This is Texas Originals. From Humanities Texas, for the advancement of heritage, culture and education.
"Remember the Alamo" was the rallying cry at the 1836 Battle of San Jacinto. However by 1903, the neglected Alamo was nearly torn down and replaced by a hotel. The state had already purchased the church, but refused to pay for the rest of the grounds, where most of the famous battle occurred.
At that point, twenty-two-year-old Clara Driscoll, whose grandfather had fought in the battle of San Jacinto, stepped forward with her own money to protect the sacred site. She collaborated with the San Antonio chapter of the Daughters of the Republic of Texas to protect the historic mission. For her generosity, Driscoll is known as the "Savior of the Alamo."
Driscoll was born in 1881, the only daughter of Corpus Christi millionaire Robert Driscoll. Educated in Europe, Clara understood the importance of preserving historical sites. She wrote: "By the care of our eloquent but voiceless monuments, we are preparing a noble inspiration for our future."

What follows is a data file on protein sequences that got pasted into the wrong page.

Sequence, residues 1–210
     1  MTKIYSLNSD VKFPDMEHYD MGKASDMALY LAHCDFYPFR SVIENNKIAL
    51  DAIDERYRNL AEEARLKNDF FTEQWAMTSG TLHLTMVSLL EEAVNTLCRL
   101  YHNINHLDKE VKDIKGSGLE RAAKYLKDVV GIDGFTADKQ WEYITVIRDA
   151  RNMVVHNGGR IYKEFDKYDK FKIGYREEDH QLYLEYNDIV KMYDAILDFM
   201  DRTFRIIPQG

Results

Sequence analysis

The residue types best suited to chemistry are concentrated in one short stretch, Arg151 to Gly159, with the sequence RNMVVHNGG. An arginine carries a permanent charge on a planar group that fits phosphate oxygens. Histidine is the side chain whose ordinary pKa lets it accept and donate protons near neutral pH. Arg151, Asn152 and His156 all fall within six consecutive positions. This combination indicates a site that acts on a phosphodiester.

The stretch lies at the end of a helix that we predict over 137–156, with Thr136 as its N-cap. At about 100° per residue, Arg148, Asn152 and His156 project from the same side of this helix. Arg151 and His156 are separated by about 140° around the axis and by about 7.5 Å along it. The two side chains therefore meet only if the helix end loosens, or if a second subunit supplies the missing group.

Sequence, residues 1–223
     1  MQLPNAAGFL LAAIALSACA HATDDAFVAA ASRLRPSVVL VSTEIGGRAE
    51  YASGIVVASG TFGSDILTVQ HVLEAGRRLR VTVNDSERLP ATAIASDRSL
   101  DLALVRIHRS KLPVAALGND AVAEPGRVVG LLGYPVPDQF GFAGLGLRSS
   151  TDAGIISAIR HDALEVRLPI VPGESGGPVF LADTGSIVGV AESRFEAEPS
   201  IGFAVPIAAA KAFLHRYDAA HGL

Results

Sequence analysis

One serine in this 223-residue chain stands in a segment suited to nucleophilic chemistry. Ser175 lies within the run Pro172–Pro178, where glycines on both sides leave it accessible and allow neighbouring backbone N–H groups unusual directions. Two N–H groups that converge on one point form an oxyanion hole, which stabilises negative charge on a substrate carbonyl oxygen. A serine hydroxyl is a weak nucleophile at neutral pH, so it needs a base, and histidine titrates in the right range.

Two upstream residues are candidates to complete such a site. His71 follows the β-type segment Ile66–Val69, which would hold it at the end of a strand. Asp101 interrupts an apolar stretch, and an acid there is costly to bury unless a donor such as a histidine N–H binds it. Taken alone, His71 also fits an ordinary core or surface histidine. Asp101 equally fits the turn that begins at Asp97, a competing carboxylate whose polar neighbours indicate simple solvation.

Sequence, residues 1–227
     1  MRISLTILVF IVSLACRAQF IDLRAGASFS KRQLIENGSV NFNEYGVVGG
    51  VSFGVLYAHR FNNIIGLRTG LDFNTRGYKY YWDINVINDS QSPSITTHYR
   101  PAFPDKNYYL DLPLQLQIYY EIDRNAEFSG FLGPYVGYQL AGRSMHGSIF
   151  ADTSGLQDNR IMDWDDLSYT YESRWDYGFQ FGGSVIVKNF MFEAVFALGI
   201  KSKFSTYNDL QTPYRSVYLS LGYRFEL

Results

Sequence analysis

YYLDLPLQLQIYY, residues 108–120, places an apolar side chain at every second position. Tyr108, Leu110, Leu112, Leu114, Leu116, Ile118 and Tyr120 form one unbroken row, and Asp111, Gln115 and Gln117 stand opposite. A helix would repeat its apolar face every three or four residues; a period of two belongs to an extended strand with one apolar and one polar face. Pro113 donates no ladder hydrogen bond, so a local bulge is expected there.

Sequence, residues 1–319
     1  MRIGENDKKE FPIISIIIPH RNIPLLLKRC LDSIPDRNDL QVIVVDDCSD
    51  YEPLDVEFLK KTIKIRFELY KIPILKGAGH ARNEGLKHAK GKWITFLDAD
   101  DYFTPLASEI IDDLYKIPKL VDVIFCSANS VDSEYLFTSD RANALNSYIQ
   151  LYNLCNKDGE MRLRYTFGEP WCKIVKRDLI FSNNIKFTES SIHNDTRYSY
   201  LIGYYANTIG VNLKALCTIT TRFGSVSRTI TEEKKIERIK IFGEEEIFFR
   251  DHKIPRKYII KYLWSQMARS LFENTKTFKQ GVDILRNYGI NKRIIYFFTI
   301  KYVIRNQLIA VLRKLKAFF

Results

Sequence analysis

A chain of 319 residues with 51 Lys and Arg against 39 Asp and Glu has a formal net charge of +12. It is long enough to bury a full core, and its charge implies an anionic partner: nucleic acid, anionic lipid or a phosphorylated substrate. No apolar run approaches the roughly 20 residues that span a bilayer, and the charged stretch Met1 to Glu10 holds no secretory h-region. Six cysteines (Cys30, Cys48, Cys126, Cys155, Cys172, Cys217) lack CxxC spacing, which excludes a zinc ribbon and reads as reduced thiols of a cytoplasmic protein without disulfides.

Driscoll is also remembered for the beautiful Laguna Gloria villa she and her husband built on the Colorado River in Austin. This mansion and its grounds became the original home of the Austin Museum of Art. But Clara Driscoll is best remembered for rescuing the Alamo, "the shrine of Texas Independence," as she described it. When Driscoll died in 1945, her body lay in state at the mission’s chapel, in recognition of her work to preserve it.
More information about Clara Driscoll and other Texas Originals is available at Texasoriginals.org. This program is produced by KUHF Houston Public Radio and Humanities Texas, with funding from the National Endowment for the Humanities.